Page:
Journal: Medical Hypotheses
. 2007 Jan 8; [E-publication ahead of print]
Author and affiliation: Kim SH. Department of Internal Medicine, Dongguk University College of Medicine, Sukjang-dong, Gyeongju-si, Republic of Korea.
The mechanisms responsible for symptom expression in Fibromyalgia (FM) are complex. The most consistently detected objective abnormalities in FM involve pain-processing systems.
Up to recently, central nervous system was a primary focus of investigations in FM. Although it is unlikely that FM occurs because of primary disorders of the peripheral tissues, there are still data to suggest that some abnormalities can be detected in the periphery.
With the recognition of abnormalities in skin of some FM patients, it is now apparent that the role of peripheral nerve endings in FM is much greater than previously thought. The aim of this paper is to review literature concerning the skin biopsy findings of FM patients and discuss their potential relevance to FM.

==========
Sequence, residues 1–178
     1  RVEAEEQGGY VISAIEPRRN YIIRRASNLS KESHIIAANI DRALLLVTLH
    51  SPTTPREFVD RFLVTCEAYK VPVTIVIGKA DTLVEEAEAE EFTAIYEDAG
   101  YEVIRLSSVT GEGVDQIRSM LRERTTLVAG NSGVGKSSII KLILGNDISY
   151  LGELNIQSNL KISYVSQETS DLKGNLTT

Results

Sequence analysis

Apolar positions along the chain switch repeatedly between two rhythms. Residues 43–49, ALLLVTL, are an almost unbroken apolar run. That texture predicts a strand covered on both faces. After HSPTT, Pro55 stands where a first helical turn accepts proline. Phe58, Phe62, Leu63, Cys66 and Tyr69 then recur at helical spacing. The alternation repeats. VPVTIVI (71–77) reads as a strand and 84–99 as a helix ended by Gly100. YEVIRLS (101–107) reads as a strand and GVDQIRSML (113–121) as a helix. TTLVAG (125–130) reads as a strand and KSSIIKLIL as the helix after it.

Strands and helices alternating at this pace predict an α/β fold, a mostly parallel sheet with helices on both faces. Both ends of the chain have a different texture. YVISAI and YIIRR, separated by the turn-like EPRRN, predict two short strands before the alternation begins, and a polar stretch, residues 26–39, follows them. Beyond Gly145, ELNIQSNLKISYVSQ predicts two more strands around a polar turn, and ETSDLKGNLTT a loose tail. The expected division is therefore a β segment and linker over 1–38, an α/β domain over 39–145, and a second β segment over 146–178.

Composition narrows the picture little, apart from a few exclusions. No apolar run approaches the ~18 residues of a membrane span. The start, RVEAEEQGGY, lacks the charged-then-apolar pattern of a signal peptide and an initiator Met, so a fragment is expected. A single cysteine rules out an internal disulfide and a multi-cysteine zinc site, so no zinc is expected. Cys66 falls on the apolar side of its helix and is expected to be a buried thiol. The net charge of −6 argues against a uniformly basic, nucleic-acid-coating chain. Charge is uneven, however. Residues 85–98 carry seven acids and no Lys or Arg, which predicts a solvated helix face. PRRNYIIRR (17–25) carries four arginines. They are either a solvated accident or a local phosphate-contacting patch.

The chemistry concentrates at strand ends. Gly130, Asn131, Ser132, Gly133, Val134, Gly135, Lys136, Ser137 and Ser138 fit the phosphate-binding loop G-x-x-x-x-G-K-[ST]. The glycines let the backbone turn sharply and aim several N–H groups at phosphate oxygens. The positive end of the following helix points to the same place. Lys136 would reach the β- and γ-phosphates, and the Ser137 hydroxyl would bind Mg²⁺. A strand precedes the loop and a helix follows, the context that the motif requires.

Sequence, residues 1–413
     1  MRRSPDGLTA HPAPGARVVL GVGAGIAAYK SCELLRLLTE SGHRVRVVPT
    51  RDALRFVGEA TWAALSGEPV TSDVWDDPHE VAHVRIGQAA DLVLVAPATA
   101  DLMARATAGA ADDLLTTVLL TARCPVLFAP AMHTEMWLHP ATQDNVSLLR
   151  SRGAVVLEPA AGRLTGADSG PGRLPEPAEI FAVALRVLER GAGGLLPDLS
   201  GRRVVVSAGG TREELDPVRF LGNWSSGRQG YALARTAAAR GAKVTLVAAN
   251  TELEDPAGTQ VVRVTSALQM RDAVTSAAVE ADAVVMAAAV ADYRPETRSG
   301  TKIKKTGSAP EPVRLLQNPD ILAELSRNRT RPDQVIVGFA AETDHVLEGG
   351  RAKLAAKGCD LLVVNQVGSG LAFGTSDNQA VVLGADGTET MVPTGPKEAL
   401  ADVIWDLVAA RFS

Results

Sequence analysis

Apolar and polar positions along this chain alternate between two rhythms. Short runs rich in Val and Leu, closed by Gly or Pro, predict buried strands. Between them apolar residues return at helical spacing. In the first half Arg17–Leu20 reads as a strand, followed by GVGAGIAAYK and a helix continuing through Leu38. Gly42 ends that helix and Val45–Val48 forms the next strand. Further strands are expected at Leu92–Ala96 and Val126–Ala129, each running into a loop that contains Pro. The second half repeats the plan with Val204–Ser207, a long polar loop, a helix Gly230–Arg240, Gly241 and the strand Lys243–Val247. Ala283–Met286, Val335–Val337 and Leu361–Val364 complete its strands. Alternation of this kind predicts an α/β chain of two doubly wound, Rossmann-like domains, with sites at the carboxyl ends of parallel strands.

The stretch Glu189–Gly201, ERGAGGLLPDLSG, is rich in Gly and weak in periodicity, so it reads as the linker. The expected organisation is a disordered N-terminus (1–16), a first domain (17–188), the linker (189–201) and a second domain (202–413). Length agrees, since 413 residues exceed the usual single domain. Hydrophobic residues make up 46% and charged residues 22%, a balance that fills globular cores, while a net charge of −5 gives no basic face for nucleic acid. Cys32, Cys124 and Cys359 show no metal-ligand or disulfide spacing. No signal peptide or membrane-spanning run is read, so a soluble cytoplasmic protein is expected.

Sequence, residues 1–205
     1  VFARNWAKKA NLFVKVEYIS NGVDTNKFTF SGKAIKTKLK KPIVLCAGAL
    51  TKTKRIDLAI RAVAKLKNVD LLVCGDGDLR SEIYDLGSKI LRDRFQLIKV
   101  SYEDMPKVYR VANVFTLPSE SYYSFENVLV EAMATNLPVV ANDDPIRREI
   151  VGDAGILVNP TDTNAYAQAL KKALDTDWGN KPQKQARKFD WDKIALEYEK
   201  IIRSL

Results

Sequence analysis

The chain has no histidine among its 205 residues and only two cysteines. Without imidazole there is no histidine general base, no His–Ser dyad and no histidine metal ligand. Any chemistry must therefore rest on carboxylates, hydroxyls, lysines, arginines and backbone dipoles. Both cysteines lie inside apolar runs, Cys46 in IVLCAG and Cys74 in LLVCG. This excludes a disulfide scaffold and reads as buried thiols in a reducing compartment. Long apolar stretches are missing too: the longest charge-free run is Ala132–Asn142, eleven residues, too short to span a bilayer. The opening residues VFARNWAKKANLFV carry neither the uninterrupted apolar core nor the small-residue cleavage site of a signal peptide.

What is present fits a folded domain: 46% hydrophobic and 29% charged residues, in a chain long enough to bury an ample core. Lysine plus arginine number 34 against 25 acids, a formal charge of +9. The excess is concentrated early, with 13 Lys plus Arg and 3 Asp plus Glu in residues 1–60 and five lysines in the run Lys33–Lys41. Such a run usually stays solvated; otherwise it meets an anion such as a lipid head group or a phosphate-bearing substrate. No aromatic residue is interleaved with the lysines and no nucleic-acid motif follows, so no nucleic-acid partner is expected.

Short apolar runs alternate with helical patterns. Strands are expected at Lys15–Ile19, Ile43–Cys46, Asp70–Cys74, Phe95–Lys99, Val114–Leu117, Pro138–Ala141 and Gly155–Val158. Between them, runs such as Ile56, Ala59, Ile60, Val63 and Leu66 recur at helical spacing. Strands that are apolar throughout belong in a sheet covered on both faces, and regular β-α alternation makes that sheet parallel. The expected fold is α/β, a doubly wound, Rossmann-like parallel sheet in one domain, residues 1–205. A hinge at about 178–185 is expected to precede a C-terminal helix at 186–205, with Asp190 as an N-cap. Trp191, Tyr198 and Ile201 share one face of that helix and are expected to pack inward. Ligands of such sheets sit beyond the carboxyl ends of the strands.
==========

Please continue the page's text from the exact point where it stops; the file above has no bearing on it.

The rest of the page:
This paper suggests that patients with FM represent a state of the dysfunction of descending, antinociceptive pathways [carrying stimuli that inhibit pain perception] and low hypothalamic-pituitary-adrenal function. This state is further proposed to result in many skin biopsy findings associated with the disorder, including:
n Increased N-methyl-d-aspartate receptors subtype 2D expression,
n Neurogenic inflammation [neurogenic means relating to nerves],
n And characteristic electron microscopic findings.
Future direction of research would be identification of specific laboratory markers such as skin biopsy for diagnostic and clinical evaluation purposes in FM.